If you need to cancel a money order, there are a few different approaches you may take. You can easily cancel one if you are the original purchaser and it is still in your possession. You may also cancel one that has been lost or stolen as long as you still have the original money order receipt. In cases of fraud or a suspected scam, it may be possible to cancel money orders if the suspected crime is reported to law enforcement and is properly investigated before they have been cashed.
If you purchased a money order, but later decided not to send it, you can take it back to the retailer where it was purchased and request a refund. This method only works, however, if the money order is still intact. Both the actual money order as well as the receipt must be returned together.
If you need to cancel a money order once it has been sent, this is also possible. Primarily, this only applies to money orders that have been lost or stolen, though. In such cases, you must present the original receipt to the merchant where it was purchased and report it as lost or stolen. By tracking the unique series of numbers that identify a money order, it can be determined whether or not it has been cashed. If it has not been cashed, you can request to have the funds canceled and receive a reimbursement minus whatever fees are assessed for a lost or stolen money order.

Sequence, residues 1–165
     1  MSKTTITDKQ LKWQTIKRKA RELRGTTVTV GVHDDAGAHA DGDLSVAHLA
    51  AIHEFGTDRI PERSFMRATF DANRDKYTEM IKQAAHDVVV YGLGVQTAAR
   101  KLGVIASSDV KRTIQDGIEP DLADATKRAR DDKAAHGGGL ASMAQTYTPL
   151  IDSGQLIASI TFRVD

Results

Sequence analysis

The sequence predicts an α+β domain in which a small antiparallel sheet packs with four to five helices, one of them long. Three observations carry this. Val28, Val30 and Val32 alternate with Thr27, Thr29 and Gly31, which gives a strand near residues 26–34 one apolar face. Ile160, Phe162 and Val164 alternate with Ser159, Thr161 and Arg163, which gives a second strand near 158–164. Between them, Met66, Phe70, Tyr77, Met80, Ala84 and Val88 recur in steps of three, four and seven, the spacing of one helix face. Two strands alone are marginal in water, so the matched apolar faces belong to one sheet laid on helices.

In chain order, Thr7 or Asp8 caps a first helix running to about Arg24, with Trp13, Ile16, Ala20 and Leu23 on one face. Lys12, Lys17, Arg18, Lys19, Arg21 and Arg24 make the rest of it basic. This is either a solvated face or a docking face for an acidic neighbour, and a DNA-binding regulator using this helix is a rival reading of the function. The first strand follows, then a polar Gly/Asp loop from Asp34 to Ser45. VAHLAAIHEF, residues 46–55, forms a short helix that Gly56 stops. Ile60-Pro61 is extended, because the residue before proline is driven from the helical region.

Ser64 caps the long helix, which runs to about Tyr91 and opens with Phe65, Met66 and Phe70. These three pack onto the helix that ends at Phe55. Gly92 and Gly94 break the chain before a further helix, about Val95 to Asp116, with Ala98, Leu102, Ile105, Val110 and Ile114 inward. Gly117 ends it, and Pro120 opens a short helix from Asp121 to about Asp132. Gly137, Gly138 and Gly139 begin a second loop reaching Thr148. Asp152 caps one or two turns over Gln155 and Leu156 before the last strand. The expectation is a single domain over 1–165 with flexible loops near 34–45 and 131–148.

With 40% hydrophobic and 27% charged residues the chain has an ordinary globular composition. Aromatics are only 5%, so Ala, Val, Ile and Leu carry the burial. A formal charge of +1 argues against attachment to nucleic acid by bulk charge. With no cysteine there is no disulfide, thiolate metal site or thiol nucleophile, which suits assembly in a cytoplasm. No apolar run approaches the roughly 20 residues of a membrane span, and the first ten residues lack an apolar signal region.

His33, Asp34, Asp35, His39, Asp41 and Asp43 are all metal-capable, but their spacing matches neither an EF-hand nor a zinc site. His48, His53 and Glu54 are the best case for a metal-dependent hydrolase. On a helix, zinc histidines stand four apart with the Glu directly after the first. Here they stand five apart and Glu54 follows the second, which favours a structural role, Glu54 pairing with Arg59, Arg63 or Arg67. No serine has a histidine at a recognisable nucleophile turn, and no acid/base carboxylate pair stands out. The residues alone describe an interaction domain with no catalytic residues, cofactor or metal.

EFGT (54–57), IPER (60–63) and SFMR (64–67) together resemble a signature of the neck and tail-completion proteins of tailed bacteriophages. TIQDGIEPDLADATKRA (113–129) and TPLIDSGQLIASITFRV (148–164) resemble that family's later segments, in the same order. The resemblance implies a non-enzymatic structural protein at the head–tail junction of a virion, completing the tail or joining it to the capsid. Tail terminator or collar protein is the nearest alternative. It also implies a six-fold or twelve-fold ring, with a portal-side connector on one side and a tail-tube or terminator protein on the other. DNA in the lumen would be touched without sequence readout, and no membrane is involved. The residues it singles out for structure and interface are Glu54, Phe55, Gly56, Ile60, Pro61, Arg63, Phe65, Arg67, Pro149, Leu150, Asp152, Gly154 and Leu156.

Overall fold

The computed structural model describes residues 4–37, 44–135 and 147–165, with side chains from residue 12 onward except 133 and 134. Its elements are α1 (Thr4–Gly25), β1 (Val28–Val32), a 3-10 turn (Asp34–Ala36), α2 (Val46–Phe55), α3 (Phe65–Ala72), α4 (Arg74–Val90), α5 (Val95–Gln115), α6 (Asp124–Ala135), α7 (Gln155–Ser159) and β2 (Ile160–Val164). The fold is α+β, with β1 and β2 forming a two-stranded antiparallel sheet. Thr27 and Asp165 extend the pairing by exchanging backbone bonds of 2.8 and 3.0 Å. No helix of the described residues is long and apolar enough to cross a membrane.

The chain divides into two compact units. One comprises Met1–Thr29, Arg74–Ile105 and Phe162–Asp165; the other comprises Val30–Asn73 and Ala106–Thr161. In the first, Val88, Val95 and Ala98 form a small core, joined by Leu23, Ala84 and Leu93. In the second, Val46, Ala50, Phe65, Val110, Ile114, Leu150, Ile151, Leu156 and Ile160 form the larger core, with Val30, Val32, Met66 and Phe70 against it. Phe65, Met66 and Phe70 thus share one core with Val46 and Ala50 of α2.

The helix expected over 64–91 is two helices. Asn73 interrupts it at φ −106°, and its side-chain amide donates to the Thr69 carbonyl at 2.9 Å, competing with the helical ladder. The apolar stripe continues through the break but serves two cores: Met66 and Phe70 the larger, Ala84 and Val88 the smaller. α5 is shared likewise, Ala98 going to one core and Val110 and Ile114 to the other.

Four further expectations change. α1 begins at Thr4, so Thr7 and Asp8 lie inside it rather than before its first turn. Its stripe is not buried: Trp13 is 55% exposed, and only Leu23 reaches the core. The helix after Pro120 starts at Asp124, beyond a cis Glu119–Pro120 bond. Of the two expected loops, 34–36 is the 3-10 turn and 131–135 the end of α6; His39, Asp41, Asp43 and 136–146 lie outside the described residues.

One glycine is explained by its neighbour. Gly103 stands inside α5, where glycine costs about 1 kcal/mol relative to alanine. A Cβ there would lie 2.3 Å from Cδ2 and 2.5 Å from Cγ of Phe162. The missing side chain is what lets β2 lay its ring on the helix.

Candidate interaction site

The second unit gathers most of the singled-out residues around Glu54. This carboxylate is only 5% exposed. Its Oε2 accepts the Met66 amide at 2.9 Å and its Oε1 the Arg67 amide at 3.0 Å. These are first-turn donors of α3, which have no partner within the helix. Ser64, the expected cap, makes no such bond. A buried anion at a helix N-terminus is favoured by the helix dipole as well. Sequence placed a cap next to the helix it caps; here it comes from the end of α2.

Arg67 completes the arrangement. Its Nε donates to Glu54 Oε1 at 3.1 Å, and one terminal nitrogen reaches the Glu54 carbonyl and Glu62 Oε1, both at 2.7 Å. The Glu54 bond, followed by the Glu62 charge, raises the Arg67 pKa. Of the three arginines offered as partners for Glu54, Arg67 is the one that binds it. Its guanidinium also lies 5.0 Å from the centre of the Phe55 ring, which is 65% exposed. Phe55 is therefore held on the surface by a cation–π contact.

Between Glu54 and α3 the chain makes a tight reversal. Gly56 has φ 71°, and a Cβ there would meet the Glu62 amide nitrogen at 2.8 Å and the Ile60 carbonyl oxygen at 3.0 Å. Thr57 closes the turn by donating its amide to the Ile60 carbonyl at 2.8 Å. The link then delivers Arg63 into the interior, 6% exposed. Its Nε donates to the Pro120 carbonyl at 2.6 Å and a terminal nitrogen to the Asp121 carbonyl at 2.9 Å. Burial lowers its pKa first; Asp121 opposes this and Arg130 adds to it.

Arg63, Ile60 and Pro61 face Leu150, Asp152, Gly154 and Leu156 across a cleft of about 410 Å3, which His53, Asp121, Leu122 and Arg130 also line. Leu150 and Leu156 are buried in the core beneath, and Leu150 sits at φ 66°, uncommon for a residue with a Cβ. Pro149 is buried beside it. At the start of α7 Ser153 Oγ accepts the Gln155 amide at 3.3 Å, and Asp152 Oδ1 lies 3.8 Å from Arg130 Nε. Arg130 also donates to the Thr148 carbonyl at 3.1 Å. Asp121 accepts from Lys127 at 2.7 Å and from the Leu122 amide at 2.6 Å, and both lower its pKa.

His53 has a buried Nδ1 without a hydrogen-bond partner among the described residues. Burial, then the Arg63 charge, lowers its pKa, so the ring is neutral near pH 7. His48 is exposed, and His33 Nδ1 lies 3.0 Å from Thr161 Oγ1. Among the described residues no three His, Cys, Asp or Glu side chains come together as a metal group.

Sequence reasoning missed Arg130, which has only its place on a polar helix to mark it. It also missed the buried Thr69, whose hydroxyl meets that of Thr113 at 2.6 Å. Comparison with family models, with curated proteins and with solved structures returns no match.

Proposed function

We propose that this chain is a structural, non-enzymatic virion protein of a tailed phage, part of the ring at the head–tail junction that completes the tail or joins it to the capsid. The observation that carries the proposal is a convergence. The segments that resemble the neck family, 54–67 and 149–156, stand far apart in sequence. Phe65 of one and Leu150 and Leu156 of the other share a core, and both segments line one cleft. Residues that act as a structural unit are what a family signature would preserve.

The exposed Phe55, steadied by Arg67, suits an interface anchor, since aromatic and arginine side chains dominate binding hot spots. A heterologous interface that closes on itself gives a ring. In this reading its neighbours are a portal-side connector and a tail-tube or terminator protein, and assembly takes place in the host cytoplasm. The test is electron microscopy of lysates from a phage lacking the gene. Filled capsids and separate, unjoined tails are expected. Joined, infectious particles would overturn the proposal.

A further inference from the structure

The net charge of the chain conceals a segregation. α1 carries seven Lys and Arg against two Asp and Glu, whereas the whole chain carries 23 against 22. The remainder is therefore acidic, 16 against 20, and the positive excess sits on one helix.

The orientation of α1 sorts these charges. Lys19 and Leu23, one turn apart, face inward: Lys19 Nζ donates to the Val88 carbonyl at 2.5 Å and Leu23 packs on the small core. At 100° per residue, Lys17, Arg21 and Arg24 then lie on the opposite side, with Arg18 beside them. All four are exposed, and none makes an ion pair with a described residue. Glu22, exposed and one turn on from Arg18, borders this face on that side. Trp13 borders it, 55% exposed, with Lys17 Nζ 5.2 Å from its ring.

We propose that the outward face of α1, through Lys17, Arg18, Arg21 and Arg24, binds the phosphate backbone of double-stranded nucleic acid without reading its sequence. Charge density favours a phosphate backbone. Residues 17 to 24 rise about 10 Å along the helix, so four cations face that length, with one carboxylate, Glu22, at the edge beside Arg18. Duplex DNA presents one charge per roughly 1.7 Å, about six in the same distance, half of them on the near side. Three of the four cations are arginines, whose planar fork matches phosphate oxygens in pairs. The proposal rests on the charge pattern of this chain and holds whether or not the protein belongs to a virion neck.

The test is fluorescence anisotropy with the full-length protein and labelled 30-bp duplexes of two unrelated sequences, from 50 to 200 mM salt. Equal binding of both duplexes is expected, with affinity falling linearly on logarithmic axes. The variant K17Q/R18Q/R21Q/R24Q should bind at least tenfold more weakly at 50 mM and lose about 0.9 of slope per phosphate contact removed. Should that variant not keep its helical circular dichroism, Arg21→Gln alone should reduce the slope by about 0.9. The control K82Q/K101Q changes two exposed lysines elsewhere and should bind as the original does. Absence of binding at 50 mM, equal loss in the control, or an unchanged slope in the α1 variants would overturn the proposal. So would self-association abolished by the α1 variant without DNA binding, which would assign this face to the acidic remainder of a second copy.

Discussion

If you need to cancel a money order that has been lost or stolen and it is a United States Postal Service (USPS) money order, a fee will still be charged for its cancellation if it has already been sent, but the recipient has not yet received it. In order to stop payment immediately, taking the money order receipt back to the exact postal location where it was purchased may be helpful. Be mindful that the cancellation request must also take place prior to the money order’s cashing and prior to its expiration date.
Depending on local laws, if you need to cancel a money order due to some form of fraud or if you suspect that you have been a victim of a money order scam, you may be able to stop payment on a money order that has been sent, but has not yet been cashed. This takes quick action on your part, as it is far more difficult to recoup the money order amount after it has been cashed, so it's important to contact law enforcement officials with proof of fraud prior to the recipient cashing the funds.